Skip to content

Post-publication update (13 May, 2017): We are grateful to Vít Novotný, the author/maintainer of the markdown package, for writing to us with some helpful feedback concerning the original article. We are pleased to publish this updated version which takes note of, and includes, his advice and suggestions.


A while ago we rejoiced at the release of the markdown package which made it possible to write markdown syntax in LaTeX documents—and celebrated it with an article called How to write in Markdown on Overleaf whose purpose was to demonstrate some of the supported syntax.

Remember: You'll need to compile your .tex files with the --shell-escape option to make it work on local LaTeX installations—Overleaf does this for you (automatically). Bear in mind that most journal-submission portals do not enable --shell-escape—unless you're allowed to upload only the output PDF of your manuscript, your LaTeX files containing markdown may not compile successfully when processed by the publisher's submission system.

One of the ideas hinted at in the earlier article is that a combination of markdown and LaTeX permits a wonderful separation of content and style. Authors (especially those already familiar with markdown) would have a much more succinct syntax to work with (with some caveats) while still having access to all the glories of LaTeX packages and templates to take care of the styling and formatting. That earlier article gave some examples of using markdown in Beamer presentations and posters: today we're going to look at even more fun and exciting styling possibilities!

Using markdown in styled LaTeX templates

Apart from the examples above, you can use use markdown in almost all templates. Here are a few quick examples:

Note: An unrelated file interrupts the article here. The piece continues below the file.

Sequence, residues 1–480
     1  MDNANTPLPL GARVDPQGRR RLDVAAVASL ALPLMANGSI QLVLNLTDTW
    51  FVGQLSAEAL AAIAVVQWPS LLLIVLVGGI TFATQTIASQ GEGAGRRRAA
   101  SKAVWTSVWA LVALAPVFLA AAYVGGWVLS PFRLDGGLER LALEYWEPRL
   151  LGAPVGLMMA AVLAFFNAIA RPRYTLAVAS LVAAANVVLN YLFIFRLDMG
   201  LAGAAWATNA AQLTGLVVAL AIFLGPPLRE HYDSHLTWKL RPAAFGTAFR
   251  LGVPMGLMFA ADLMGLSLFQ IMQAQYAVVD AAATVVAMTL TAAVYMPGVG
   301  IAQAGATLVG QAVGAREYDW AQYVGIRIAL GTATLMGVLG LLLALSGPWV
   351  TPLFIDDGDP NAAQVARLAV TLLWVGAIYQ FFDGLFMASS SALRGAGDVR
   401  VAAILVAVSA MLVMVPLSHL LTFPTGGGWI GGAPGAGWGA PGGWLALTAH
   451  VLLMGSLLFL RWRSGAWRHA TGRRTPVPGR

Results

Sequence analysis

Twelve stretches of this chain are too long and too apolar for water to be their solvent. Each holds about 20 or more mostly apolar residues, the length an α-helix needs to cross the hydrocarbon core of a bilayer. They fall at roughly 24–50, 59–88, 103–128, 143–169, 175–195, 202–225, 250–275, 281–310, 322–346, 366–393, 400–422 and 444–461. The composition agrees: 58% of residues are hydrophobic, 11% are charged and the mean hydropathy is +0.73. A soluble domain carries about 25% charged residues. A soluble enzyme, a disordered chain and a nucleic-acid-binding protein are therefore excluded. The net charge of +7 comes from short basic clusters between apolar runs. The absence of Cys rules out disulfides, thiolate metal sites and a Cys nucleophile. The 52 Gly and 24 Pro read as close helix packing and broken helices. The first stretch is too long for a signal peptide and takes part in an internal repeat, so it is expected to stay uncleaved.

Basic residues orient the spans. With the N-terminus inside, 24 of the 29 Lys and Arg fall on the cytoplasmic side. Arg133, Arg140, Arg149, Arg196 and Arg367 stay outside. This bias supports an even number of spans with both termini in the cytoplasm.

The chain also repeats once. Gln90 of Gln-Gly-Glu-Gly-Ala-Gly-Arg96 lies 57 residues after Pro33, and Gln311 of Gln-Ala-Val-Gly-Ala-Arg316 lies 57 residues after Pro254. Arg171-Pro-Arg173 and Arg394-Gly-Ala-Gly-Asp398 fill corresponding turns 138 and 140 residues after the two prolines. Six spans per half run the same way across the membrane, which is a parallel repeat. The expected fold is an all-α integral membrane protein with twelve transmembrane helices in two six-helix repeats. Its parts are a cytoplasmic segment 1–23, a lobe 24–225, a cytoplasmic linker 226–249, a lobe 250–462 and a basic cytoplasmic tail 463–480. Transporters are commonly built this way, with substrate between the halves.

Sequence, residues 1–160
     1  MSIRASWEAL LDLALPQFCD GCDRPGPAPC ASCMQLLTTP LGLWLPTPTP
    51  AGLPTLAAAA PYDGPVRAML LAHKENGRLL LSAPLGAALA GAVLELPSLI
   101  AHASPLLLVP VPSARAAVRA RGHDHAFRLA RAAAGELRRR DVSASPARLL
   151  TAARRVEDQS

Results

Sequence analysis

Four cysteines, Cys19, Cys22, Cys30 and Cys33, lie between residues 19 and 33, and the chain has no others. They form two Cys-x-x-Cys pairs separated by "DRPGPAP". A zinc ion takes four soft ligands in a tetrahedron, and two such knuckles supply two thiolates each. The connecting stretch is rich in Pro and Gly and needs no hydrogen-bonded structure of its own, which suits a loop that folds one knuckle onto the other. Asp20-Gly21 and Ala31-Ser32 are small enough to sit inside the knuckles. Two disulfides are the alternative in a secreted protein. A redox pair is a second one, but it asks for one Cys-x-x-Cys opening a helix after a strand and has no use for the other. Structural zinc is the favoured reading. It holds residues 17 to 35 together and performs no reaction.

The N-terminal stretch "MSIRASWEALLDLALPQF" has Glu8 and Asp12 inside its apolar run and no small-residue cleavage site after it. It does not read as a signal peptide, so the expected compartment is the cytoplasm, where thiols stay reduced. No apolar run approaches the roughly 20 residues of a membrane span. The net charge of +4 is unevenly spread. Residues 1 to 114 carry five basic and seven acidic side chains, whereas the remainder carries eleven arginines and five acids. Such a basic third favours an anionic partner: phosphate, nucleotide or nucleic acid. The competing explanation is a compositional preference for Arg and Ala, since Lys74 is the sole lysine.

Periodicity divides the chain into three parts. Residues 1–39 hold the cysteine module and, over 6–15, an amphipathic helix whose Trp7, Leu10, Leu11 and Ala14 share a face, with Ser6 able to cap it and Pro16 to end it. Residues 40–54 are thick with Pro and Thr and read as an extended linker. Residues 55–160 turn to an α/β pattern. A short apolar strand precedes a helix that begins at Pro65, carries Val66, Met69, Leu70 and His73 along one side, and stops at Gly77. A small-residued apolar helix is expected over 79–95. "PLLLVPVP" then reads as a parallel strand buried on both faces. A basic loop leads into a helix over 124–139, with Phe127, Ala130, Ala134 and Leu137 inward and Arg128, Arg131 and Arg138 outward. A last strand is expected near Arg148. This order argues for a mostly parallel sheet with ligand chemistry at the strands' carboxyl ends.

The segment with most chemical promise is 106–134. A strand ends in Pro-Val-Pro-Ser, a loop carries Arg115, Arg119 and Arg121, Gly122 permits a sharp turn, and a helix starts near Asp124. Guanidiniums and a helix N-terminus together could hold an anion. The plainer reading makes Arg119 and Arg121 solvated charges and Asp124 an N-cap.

You may notice that two of these are article templates and one is a book template. The markdown package detects whether the \chapter command is available for use in a particular LaTeX document and will make the first-level heading markdown line render to \chapter or \section as appropriate.

Really quick handouts: markdown + pocketmod

From the time I first learned about markdown it struck me as a quick and convenient way to take notes: it reflects how I might be scribbling down notes on scraps of paper or post-it notes—especially with the bulleted and numbered list syntax. When I first created the PocketMod template in 2015, I yearned for a way to write markdown in LaTeX so that I could create PocketMods with markdown because it felt… appropriate. Jotting down notes in a simple syntax on little folded booklets, but with nice typography—some people refer to PocketMods as "zines" because they're little 8-page booklets that you can make out of a single sheet of A4 paper.

And so indeed it was possible! This makes it rather easy to quickly produce a weekly planner mini-booklet or a little picture story book. Yes, it kept my daughter amused to see a story book made out of her own drawings… well, for all of 10 minutes! The markdown package lets you customize how each markdown syntax is rendered into LaTeX, so I redefined the standard ![](img_file "caption") syntax to put the caption under the image file (without any "Figure" prefix or numbering), and then inserted a page break. This makes it even easier to make the picture book. Here's a video showing how to fold the booklet: